Please use this identifier to cite or link to this item: https://une.intersearch.com.au/unejspui/handle/1959.11/1995
Title: "Is There No Meat Above?": The Story of Starvation, Cannibalism, Corpse Drugs and Divine Matter in 'The Sea Voyage'
Contributor(s): Noble, Louise (author)orcid 
Publication Date: 2007
Handle Link: https://hdl.handle.net/1959.11/1995
Abstract: 'The Sea Voyage' performs the story of meat in which the imagery of meat is repeatedly literalized. The play's preoccupation with meat and how it should be understood draws our attention to the role of stories in our lives and their ideological possibilities. Fletcher and Massinger remind us that how we understand our place in the world, our histories, and our beliefs, have to do with stories. A story of shipwreck and survival, complete with the predictable hardships of starvation and deprivation, provides the figurative energy for what unfolds in the play. Within this frame meat constitutes the essential food for the starving castaways. The story of meat that the play performs is underpinned by that much older story of meat that, for centuries, provided hope and salvation for believers: the story of Christ's body as meat in the Eucharist sacrament. This is reinforced by the numerous references to Roman Catholic accoutrements and rituals in the play. However any attempt to read meat as divine matter is repeatedly denied by the play's insistence on a purely culinary reading of meat. In this paper I argue that, if we consider the ingested Eucharist sacrament as divine meat for the shipwrecked soul, then 'The Sea Voyage' performs an alternative story in which meat becomes simply food for the shipwrecked body. In these terms then the story of meat in 'The Sea Voyage' is an overwhelmingly Protestant one.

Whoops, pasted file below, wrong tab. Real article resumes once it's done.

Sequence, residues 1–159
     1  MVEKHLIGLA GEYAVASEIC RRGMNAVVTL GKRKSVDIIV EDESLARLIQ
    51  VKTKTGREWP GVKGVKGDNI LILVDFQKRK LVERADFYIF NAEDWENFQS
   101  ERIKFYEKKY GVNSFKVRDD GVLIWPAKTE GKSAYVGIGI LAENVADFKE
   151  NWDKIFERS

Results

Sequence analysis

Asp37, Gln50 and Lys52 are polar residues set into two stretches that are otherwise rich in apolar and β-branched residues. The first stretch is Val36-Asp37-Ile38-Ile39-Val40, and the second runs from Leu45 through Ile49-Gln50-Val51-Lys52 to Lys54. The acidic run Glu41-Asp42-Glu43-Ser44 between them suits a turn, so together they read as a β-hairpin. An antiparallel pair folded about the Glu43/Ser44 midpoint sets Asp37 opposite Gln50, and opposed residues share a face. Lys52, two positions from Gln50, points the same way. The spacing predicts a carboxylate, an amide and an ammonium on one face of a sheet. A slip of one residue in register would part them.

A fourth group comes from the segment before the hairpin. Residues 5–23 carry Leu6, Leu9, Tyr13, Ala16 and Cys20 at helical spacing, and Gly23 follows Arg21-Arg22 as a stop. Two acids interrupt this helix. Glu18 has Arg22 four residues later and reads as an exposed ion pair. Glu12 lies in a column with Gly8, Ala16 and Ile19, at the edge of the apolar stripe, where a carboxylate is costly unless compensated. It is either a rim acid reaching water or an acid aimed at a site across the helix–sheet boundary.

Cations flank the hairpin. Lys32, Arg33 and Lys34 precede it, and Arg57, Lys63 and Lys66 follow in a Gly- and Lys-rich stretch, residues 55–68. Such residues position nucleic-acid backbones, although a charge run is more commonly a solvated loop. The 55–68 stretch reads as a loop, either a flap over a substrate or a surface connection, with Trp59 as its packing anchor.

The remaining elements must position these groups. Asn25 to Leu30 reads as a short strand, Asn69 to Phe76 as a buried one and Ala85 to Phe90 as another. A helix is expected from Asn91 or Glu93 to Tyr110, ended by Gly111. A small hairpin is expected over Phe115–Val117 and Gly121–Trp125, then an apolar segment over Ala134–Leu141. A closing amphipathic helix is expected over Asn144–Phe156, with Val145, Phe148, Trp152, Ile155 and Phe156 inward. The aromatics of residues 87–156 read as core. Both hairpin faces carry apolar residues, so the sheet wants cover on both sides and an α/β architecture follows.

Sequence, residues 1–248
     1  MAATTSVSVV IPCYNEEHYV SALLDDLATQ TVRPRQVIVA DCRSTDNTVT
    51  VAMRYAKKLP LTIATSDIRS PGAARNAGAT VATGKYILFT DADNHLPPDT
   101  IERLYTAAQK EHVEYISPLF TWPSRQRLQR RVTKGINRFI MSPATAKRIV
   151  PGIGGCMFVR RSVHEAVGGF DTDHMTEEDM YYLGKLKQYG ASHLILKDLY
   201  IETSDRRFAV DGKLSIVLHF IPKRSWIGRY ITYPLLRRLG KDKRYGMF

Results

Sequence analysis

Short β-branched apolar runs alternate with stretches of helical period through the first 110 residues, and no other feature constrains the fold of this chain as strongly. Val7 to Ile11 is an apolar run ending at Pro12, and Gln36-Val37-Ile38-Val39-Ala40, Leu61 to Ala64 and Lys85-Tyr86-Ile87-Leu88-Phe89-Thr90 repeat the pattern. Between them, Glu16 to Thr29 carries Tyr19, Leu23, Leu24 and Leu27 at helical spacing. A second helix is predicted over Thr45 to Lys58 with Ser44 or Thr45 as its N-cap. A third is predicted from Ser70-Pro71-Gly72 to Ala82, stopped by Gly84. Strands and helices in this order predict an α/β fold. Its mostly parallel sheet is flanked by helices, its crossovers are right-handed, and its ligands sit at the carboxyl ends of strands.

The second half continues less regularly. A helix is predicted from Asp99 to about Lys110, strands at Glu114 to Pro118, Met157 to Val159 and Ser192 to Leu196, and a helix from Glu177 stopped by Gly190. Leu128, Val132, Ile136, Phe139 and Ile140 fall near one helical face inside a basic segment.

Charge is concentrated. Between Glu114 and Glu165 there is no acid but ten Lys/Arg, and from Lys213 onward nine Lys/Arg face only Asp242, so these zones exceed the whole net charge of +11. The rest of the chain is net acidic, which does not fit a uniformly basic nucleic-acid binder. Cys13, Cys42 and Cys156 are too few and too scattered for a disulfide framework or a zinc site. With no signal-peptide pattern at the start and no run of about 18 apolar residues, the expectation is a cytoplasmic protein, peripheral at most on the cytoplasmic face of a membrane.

Publication Type: Journal Article
Source of Publication: AUMLA: Journal of the Australasian Universities Language and Literature Association (Special Issue: Refereed Proceedings of the 2007 AULLA Conference: Cultural Interactions in the Old and New Worlds), p. 255-262
Publisher: Australasian Universities Language and Literature Association
Place of Publication: Sydney, Australia
ISSN: 0001-2793
Field of Research (FOR): 200503 British and Irish Literature
Peer Reviewed: Yes
HERDC Category Description: C1 Refereed Article in a Scholarly Journal
Other Links: http://aulla.com.au/AUMLA%20Special%20Issue%202007,%20Conference%20Proceedings.pdf
http://aulla.com.au/AUMLA.html
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